SB 61 Family Planning (Rep. Tate): Would have created a Georgia Family Planning Initiative program within the Department of Public Health with service for low income women and infants prioritized. Services may have included long-term birth control and related counseling, breast and cervical cancer screening, pregnancy testing and counseling, screening and treatment for sexually transmitted diseases, HIV testing, and other patient education and referrals. The bill did not get a hearing in the Senate, thus it did not crossover.
HB 8/HB 151 (Rep. Keisha Waites): This bill sought to prohibit the routine shackling or handcuffing of female inmates during labor, delivery and recovery. The bill did not get a committee hearing, thus it did not crossover.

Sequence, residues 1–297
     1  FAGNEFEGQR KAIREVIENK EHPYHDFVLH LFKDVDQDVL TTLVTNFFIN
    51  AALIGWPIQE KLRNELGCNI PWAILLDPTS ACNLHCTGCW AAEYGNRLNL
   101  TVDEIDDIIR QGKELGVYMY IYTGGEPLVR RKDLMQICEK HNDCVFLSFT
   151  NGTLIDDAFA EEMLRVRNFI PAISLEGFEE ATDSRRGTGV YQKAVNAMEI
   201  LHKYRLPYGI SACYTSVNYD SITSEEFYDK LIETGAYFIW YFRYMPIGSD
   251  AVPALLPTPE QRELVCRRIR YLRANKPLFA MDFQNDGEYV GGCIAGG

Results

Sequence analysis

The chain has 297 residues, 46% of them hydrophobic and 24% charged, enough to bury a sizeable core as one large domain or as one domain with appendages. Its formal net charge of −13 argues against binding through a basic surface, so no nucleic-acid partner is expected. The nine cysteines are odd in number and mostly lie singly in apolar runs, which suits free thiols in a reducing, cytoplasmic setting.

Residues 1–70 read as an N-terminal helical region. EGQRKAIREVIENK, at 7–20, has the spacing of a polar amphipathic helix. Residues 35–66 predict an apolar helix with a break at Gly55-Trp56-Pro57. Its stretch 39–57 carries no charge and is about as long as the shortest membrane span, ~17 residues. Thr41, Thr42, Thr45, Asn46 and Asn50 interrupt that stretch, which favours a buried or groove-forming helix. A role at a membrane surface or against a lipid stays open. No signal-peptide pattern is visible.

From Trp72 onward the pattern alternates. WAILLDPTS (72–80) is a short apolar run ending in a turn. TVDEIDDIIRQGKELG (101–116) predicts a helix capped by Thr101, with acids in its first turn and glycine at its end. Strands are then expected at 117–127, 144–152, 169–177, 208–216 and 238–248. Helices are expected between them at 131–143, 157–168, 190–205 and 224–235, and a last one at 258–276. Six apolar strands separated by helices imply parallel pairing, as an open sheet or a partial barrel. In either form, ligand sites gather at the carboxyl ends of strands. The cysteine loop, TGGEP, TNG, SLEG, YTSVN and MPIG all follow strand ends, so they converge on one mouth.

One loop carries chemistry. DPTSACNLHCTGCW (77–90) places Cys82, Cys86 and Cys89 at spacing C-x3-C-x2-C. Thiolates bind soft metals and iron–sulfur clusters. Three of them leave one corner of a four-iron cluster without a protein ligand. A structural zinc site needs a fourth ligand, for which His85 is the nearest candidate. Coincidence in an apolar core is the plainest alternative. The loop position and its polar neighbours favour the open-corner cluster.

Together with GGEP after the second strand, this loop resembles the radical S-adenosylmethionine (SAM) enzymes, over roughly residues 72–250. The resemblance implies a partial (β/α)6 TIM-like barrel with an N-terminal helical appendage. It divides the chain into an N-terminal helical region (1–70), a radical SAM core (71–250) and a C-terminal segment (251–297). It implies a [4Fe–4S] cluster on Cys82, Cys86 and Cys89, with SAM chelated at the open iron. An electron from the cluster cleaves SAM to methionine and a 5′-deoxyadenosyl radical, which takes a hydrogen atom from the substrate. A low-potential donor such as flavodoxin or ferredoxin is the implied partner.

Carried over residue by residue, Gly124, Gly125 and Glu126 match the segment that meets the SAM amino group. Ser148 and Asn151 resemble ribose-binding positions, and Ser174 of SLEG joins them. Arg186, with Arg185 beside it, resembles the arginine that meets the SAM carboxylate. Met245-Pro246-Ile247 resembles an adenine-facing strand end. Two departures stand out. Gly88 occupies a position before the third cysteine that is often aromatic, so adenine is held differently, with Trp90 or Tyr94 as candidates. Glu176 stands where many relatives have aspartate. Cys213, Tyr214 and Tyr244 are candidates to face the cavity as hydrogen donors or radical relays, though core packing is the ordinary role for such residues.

Georgia Pregnant Workers Fairness Act (Rep. Boddie): Would have required employers to provide for reasonable accommodations to job applicants and employees for circumstances related to pregnancy, childbirth, or related conditions. The bill also required the Department of Labor to develop courses and educate the public on such accommodations. The bill had been assigned to House Industry and Labor Committee, but was not scheduled for a hearing.
Tobacco Tax: We were awaiting the introduction of two potential bills that would address the tobacco tax. One would have reduced the cigar tax, increased the cigarette tax, and placed a commensurate tax on vaping tobacco products, which are entirely un-taxed despite being the fastest growing segment of tobacco/nicotine consumption. The main thrust of this bill would have been to equalize tax rates across tobacco products and modestly raise revenues (by about $120 million). The second bill was a broader tax reform bill that sought a revenue neutral position with the cigarettes tax being increased between 25 and 40 cents, with a commensurate vaping tax as well. In the end, neither bills were introduced prior to Crossover Day.